Large companies actually do get it. They are aware of the big issues of the day because their bottom line is, and will be, severely affected.
By Michael Hopkins
The financial sector has failed to act in a meaningful way to promote sustainability and CSR and may well ‘present the greatest block to global progress.’ But the main reason is not unconcern but because investors, shareholders and boards continue to focus on the quarterly financial statement that drives the share price and not longer-term concerns.
Keynes was correct about what drives recessions and unemployment but didn’t use that insight to become a wealthy investor on the stock market. He simply tried to get in ahead of where the ‘crowd’ was going. He would have known (although not in the same detail as data today) that between 1979 and 2007 incomes of the top 1 percent of Americans grew by an average of 275 percent [Congressional Budget Office].
He would have invested, accordingly, in luxury goods and if alive today would note, for example, that Rolls Royce car sales in the U.S. were up by 31 percent in 2011 over the year before.
So large companies actually do get it! They are aware of the big issues of the day simply because their bottom line is, and will be, severely affected. What are these big issues of the day? These six might lead most lists:
- Recession, unemployment and inequality
- Climate Change
- Resource shortages (water, agriculture, safety, health)
Let me pick the first of these and digress on how, or not, corporations are actually involved in big issues.
What the Recession has to do with Sustainability
Corporations are certainly affected by the recession and many of course, don’t worry about CSR and sustainability issues. But are we really a resource-constrained globe?
Certainly we are a catastrophe-constrained globe, but, as ever, the devil is in the details. In January 2012, Washington-based Institute of International Finance, that speaks for financial institutions worldwide, estimated that corporations in the U.S., the euro zone, the U.K. and Japan held $7.75 trillion in cash, or near equivalents, an unprecedented sum.
The same is true across a number of mature and emerging economies with corporate cash holdings worth now $2.64 trillion across the euro zone and an extraordinary £750 billion ($1.19 trillion) in the U.K. alone – twice as large as the stimulus package that the Obama Administration used to try and stave off recession.
But why are corporations not spending their cash mountain?
Besides, the continual lack of demand, corporations worldwide are worried about overspending without generating corresponding income. In fact, chief executives of more than 80 major U.S. corporations, including Aetna [NYSE: AET], Goldman Sachs [NYSE: GS], Macy’s [NYSE: M] and Boeing [NYSE: BA] issued a joint manifesto recently calling on Congress to bring down the federal deficit. Corporate chiefs urged policy makers to prepare a fiscal plan that would “stabilize the debt as a share of the economy, and put it on a downward path.”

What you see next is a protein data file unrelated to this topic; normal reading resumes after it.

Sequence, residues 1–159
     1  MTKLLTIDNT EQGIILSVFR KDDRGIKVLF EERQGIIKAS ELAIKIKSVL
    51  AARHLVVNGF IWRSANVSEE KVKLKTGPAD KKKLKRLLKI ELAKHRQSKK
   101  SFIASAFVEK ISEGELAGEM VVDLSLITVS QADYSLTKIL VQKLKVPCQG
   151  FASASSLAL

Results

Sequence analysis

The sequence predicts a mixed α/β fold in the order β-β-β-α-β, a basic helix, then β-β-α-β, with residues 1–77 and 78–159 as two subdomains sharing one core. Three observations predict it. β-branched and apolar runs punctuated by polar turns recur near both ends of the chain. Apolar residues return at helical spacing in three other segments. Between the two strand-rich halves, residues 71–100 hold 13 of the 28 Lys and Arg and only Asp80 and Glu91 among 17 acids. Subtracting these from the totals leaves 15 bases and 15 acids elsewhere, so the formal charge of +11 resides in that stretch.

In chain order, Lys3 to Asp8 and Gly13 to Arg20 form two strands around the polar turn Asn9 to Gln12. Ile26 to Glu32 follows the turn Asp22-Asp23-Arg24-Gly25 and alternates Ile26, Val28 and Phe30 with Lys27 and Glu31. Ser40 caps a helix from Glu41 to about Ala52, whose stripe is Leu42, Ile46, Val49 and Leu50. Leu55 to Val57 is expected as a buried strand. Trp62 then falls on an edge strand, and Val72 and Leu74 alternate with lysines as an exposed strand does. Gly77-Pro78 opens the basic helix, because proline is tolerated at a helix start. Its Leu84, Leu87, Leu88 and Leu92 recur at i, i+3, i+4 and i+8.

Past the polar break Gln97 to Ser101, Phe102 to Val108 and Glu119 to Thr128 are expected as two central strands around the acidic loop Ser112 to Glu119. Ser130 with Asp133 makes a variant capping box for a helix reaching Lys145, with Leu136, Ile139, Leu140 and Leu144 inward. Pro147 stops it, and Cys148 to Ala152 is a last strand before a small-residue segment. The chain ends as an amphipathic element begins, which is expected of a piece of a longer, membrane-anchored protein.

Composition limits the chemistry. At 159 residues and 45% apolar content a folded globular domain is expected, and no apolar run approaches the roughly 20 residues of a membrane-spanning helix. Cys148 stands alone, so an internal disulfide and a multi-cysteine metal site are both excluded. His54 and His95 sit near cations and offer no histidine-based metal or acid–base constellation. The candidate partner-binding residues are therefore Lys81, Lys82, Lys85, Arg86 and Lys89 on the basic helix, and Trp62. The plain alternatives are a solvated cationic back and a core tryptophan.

Corporate Sustainability: Business "Gets" It
They get it. They've also set up a B Corp certification for sustainable businesses to distinguish themselves from their competitors.
On the other big issues, corporations are stepping up as well.
- Developing Economies: For example, corporations need healthy economies to grow and at least $50 billion went into development in 2007, as I discuss in my book.
- Resolving Conflict: Having worked on the UEFA’s CSR policy (yes they have one!) this summer, I noticed great interest in Football Associations using football to bring conflicting sides together..
- Terrorism: Insurance companies are funding anti-piracy measures and oil companies are realizing that aboveground acts account for a large part of their risk in many emerging economies.
- Climate change: More and more companies are realizing the danger, although Europe is far more advanced than the U.S. in moving the needle on business practices.
- Resource shortages: From Coca Cola to Nestle, concerns are widespread and solutions are continuing to emerge every month.
But why don’t financial organizations get it?
Simple. They only make money on transactions when investors buy and sell. So it is up to investors to get it! Why don’t they? Join the conversation by leaving a comment or connecting with us @CSRwire.
A good start would be to read CSRwire regularly and attend one of CSR and Financial Institute's upcoming workshops around the world.